Taeyoung | May 22, 2006 02:11 PM

I meant libel. D'oh.

Hugh Casey | May 22, 2006 02:16 PM

Actually, I think that the AG understands the Bill of Rights quite well.

I just don't think that he, or those he works for in this administration, AGREE with them. And this makes me afraid.

SAP | May 22, 2006 02:20 PM

Yep, I'm just waiting for this president to appoint his dog to the Cabinet. The it really would be just like old times.

Bearpaw | May 22, 2006 02:21 PM

"But it can't be the case that that right trumps over the right that Americans would like to see, the ability of the federal government to go after criminal activity ..."

I would love to see the federal government to go after criminal activity. Unfortunately, the current Administration is -- understandably, I suppose -- far more interested in pursuing comparitively minor criminal activity by others than major criminal activity by themselves.

They want to prosecute people for yelling "Fire!" in a crowded theatre ... because they're worried that once the crowd realizes that there is a fire, they might also realize who's holding the flamethrowers.

John Scalzi | May 22, 2006 02:22 PM

Taeyoung:

Crap. Granted there are specific (and very small) restrictions on what the press may write, based on the truth value of the material. However, the libel restrictions (which per Times v. Sullivan are very liberal in this country), haven't the slightest bit of relevance to what Gonzales is discussing. He's discussing his ability to restrict reporters from writing about information that is true but secret.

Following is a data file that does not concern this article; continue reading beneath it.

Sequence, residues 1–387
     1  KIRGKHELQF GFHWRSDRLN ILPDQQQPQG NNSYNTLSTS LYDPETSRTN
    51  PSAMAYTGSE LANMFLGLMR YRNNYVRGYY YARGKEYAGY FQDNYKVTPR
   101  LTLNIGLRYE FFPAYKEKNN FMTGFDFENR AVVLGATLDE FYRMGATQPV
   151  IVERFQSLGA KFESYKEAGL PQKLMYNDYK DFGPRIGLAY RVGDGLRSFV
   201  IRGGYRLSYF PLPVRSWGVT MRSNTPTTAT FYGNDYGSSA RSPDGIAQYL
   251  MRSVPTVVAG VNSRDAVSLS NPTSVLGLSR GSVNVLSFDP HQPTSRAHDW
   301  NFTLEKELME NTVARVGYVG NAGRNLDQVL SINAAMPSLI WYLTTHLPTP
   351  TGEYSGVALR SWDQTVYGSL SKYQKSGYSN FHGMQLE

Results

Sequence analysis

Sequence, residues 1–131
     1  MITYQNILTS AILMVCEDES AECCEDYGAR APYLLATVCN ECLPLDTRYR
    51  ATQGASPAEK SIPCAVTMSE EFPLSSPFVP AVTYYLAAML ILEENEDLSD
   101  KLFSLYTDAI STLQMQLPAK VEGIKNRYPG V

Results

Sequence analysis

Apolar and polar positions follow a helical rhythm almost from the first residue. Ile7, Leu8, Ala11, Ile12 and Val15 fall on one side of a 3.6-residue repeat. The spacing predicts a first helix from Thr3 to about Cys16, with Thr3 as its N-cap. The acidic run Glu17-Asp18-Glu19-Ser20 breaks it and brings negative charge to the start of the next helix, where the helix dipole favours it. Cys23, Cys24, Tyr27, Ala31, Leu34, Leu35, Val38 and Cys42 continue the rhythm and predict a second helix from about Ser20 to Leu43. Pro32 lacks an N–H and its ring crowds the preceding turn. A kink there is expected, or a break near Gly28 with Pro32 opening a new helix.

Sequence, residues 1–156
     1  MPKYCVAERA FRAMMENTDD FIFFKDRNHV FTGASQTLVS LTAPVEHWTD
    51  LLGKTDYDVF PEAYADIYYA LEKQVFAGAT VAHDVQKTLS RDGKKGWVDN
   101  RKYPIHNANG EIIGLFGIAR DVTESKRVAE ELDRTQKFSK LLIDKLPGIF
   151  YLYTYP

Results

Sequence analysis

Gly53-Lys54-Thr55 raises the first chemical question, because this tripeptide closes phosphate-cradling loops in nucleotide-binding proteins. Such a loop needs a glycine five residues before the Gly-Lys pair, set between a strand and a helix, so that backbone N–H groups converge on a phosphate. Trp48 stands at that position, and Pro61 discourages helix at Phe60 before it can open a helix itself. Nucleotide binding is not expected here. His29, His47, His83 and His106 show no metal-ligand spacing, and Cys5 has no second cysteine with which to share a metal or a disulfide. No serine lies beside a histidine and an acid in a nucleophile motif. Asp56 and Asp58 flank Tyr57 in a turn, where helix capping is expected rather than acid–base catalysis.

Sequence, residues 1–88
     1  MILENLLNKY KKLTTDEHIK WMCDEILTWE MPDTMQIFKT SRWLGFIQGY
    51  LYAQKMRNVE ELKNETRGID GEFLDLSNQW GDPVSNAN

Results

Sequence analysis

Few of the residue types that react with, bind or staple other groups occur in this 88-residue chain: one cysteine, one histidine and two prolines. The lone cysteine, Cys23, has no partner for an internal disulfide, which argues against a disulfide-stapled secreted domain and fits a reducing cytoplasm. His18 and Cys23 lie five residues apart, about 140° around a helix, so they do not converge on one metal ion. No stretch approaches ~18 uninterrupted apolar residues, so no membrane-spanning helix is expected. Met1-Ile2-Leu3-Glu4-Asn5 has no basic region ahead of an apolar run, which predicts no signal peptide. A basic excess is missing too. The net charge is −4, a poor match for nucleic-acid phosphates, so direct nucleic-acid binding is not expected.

"We've read it that way for years, and the AG's attitude here is not exactly novel."

His attitude may not be novel, but it is wrong. And as for this being the way we've read it for years, I call bullshit on that. Allow me to quote from Geoffrey Stone, former head of University of Chicago Law School -- which, as the law school that spawned Scalia, is not exactly known as a liberal hotbed -- and an expert on constitutional law:

Should the United States criminally punish the press for publishing classified information? This inquiry poses a prospect unprecedented in American history. For more than 215 years, the United States has managed to flourish in the absence of any federal legislation directly prohibiting the press from publishing government secrets. The absence of such legislation is no accident.

Maybe I'm foolish here, but I believe Geoffrey Stone more on this matter than you.

Now, you were saying?

PeterP | May 22, 2006 02:26 PM

True, but in fairness, how many dogs are MCSE's?

Taeyoung | May 22, 2006 02:29 PM

And you were saying: